Excerpts from reader commentary on News stories and staffers' online blog postings last week. Online comments come from registered users, but comments to the blogs can be posted under pen names.
Robert Moses Parkway: In response to News Niagara reporter Charlie Specht's article on the plan to remove a portion of the parkway, James Hufnagel of Wilson said:
Cities all over the country -- New York, Seattle, Cleveland, Portland, just to name some -- are removing obsolete, underutilized roadways to open up waterfront for the benefit of their citizens. Economic development, real estate values, quality of life -- all will improve when Niagara Falls is allowed to fully access the Niagara Gorge and Niagara River and capitalize on these world-famous tourism resources.
The Robert Moses Parkway is an anachronism that professional planners have long regarded as a mistake. Many thanks are due leaders like Sen. Schumer, Gov. Cuomo, Mayor Dyster and Niagara Falls City Council President Fruscione and the City Council for their leadership on this issue. We deserve our future and these people are making it happen.
Dan Davis of Niagara Falls added:
It is called ECONOMIC DEVELOPMENT. You remove ugliness to make it desirable to private enterprise. You not only attract private developers, you make the tourist attraction a better experience and increase the land values in the neighborhood.
Silencing the music: NeXt correspondent Justice Namaste's piece about the virtues of school music programs and the threat under budget-cutting knives brought this reaction from Dominic Bisone of Rochester:
What should be cut besides the arts? Nothing. They are by far the most disposable programs. The arts are anti-social activities. People will argue that the arts get the creative "juices flowing" but isn't that what other core classes are for? Read a book and have a debate. Everyone knows that 99.99999 percent of students aren't going to make a living as a painter or musician or creative writer for that matter; that's why they're called "starving artists." The moral of the story is the arts are by far the most expendable courses, as well as the teachers who run them.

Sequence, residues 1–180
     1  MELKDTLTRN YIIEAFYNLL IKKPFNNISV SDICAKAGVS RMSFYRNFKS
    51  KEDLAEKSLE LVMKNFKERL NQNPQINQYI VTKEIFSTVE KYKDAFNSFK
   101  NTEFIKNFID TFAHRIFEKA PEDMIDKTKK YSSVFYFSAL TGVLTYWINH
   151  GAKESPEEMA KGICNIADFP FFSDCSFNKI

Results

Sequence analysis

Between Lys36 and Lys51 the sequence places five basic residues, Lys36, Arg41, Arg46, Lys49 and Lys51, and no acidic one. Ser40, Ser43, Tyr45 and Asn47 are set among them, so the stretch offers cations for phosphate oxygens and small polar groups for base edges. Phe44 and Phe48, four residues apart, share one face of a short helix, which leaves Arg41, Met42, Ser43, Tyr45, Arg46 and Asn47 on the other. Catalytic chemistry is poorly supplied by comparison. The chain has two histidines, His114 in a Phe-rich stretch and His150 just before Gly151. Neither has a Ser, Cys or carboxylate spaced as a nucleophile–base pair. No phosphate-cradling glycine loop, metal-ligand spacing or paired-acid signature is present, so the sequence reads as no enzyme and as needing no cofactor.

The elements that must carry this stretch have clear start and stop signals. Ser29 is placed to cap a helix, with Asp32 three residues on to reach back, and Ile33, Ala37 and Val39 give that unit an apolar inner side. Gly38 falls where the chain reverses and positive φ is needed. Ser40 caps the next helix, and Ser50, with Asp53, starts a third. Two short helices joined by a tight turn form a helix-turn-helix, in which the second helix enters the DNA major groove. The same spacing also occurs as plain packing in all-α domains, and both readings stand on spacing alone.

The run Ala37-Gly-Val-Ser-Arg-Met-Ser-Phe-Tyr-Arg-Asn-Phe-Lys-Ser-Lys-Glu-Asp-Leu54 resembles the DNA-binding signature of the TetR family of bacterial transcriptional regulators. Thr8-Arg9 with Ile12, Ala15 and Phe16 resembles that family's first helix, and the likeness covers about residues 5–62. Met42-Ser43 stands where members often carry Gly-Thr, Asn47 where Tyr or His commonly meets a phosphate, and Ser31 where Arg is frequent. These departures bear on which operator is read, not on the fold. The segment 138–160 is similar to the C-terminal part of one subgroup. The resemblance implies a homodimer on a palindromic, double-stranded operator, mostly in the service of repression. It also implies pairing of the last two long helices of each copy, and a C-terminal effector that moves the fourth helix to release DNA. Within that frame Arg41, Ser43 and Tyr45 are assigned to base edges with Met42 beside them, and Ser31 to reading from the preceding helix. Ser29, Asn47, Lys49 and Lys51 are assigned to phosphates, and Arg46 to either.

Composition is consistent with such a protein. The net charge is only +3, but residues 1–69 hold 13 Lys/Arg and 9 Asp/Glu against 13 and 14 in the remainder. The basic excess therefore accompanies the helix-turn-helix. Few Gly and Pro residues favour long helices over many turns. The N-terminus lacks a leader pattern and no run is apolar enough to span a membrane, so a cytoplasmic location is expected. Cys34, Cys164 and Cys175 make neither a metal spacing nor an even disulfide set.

Marcia Donner, East Aurora stated, simply:
My daughter is in middle school and her motto is, "Music is Not What I Do, Music is Who I Am."
Lafayette's restoration: News staff reporter Mark Sommer's story about the remarkable work done on the historic building by developer and part owner Rocco Termini caused Cindy Ann Sitterle of Cheektowaga to reminisce:
Reading about the treasures, the color of paint found as the renovation occurred, takes my breath away. While the Lafayette was scheduled to be renovated, I walked by and saw an old cash register and the stools and yellow booths from another era at what was once the hotel's restaurant. Some of the booths were not intact. However, the view took me back in time since I remember eating there when I first worked downtown in 1975-1976. While bringing in 2000 at what was known as "The Blues Room," the former restaurant area was used as the coat room where we simply tossed our coats over the booths.
I am absolutely elated that a wonderful work of art, a piece of architecture has been given new life.
Buffalo Bandits: In response to News sports reporter Budd Bailey's article on the team's poor 7-9 season finish, Brandon Wilczynski of North Collins suggested:
The Bandits need to get younger and faster. There's too many older vets that don't pull their weight anymore. In the new style National Lacrosse League, teams with fast guys coming in from the field game are having the most success. Now that the goaltending situation is figured out, it's time to somehow add some scoring depth and some young fresh legs on defense.
Though it's tough to do when you keep trading away your first-round picks. Granted they have Edmonton's first-rounder this year. As they advance, it's not looking to be extremely high of a pick.